The concepts of martial arts were handed down from generation to generation through kata. Traditionally, the secret kata, the secret techniques encoded in these kata, and the historical background of the style were taught only to a small circle of students. As the generations passed, the secret kata were modified, and therefore some of the old techniques and parts of the historical knowledge were lost. Today, our knowledge is based on folk memory and on a small number of books written in the beginning of the 20th century by martial arts experts such as Hanashiro Chomo, Funakoshi Gichin, Mabuni Kenwa, Nakasone Genwa and Choki Motobu. Despite these books, we must realize that our knowledge of the times and the work of the masterssuch as Kushanku, Matsumura, Itosu, Higashionna is merely anecdotal. Thus, the information about the lives of these masters and the essence of their martial art available today is reliable only to a limited degree. However, even though it may be hard to trace back and reconstruct this information, studying these masters, their lives, and the kata they taught greatly enriches day-to-day training. As a comprehensive art and path of personal development, Karatedo encompasses all aspects of life. It allows practitioners to explore their art in all stages of their lives, not only physically but also from philosophical and historical perspectives.
Let's go to Naifanchin kata.
The Naifanchin kata is one of the oldest kata in Okinawa karate and was known in Shuri-te and Tomari-te. Together with Passai, Kushanku, Useishi, Chinto, Seisan, Channan and Hakutsuru kata, Naifanchin kata belongs to the forms which had already been passed down by Matsumura Sokon. Along with Seisan kata, Naifanchin was one of the basic kata used to introduce novices to the training of technique and physical fitness.
By introducing karate as a means of physical education at elementary schools in Okinawa, Itosu brought to public attention an art previously trained only by a select few. This process was accompanied by a thorough reform of teaching methods and led to an expansion of the kata curriculum.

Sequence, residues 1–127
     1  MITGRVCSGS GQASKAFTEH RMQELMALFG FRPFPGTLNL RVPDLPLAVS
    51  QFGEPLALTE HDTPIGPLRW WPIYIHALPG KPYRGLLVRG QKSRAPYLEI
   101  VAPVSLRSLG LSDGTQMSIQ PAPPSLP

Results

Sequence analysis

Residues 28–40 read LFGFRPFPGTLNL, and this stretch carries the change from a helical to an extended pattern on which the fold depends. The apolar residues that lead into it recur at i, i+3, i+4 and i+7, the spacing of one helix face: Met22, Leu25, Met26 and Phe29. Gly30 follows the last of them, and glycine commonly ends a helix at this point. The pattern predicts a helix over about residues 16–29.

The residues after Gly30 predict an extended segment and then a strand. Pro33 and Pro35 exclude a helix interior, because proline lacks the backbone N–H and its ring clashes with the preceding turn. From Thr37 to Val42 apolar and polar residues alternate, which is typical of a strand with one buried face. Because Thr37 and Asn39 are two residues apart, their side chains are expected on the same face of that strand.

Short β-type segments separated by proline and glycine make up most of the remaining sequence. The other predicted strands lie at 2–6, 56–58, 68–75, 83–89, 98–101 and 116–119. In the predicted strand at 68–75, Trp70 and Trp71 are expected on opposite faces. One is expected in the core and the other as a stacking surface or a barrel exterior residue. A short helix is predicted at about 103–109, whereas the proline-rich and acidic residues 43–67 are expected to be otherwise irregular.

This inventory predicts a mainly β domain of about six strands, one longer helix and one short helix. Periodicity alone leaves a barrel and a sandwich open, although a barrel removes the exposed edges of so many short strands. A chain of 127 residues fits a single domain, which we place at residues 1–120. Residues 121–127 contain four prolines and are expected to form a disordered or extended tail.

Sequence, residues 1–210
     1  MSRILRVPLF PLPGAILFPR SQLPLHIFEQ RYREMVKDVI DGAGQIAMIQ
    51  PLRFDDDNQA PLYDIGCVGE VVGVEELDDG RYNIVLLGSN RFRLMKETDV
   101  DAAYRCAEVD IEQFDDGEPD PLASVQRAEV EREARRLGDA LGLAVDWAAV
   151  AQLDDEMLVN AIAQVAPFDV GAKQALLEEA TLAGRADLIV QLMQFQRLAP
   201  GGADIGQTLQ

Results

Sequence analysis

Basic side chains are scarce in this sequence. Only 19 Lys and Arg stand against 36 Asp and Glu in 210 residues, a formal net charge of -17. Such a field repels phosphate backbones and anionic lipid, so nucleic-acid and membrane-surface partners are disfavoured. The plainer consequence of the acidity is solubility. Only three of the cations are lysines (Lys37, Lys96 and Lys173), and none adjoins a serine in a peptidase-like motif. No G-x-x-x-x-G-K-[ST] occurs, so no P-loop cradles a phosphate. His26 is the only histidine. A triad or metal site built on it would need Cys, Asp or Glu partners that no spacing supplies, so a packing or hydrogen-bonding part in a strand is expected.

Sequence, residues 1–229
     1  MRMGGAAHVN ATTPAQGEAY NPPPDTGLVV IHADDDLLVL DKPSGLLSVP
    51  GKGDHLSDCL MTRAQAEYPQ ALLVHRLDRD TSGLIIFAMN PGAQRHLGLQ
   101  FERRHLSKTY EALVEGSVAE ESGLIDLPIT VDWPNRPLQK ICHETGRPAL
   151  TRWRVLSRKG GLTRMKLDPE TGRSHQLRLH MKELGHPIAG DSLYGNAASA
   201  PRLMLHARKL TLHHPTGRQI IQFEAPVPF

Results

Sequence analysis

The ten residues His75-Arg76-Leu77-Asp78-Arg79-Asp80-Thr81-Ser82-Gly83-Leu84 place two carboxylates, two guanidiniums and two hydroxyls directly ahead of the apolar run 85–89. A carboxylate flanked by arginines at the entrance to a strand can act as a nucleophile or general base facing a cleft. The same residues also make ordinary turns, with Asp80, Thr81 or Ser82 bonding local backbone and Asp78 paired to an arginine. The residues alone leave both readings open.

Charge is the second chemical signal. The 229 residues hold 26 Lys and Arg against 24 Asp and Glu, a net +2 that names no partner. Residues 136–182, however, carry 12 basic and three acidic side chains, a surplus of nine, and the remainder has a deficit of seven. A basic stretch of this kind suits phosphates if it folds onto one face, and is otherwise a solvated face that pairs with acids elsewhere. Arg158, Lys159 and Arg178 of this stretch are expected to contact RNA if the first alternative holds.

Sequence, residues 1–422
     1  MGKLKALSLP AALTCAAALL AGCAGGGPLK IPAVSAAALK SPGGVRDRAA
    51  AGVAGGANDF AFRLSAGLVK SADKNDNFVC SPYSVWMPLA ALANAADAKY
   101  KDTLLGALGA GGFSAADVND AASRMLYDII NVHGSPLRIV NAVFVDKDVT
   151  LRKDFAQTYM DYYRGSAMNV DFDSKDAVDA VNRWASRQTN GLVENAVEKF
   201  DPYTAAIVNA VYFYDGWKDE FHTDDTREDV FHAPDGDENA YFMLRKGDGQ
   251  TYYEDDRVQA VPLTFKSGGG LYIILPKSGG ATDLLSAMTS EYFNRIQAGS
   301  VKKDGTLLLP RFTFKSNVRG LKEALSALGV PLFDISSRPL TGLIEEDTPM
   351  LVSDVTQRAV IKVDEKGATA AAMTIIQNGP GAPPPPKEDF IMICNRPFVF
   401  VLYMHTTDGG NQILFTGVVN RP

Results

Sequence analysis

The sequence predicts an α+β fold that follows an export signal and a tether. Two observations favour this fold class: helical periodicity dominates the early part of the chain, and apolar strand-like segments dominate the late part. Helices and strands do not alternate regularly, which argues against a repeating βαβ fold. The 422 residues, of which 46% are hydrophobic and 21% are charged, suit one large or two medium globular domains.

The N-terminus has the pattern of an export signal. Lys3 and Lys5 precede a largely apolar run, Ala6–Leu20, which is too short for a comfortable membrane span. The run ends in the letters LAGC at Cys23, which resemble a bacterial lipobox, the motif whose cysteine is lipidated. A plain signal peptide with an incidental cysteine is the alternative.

Above, we saw which kata had already existed in the time before Itosu. Itosu revolutionized karate, he adapted it to meet the requirements of group training and created a variety of new katas. (Pinan I-IV, Passai sho, Kushanku sho, Rohai I-III, Naifanchin I-III).
Similar to the three Naifanchin kata, Pinan (5), Kyoku (7) und Rohai (3) are trained in groups of kata with different stages. In these groups of kata, the different stages represent different degrees of difficulty. However, an analysis of the three Naifanchin kata shows that Naifanchin Shodan is the basic form and Naifanchin Nidan and Sandan are only variations which, from a technical point of view, include no major innovative elements and technical advances compared to Naifanchin Shodan. Many believe that training only Naifanchin Shodan is sufficient to gain deeper insight into the underlying concepts of the kata. Itosu expanded Matsumara’s kata curriculum on a large scale. Looking back from today’s vantage point, however, we can say that this expansion caused the “tradition” to be diluted. Nowadays, many more katas are being taught in the different schools than in the days of Matsumura, which invariably means that less time can be devoted to each individual kata. We must not overlook, however, that it is precisely Itosu’s revolutionary spirit and his courage in breaking with tradition that made the global spread of karate possible.
The following pictures show Naifanchin Shodan performed by Toyama Kanken, Funakoshi Gichin and Motobu Choki. I hope you enjoy analyzing the pictures.
In this blog I would like to answer some of your questions about the book. In addition, there are a variety of photos and interesting stories that have not found entry into the book. Furthermore, the blog should serve to give you new historical insights immediately, so you do not have to wait for the second edition of my book.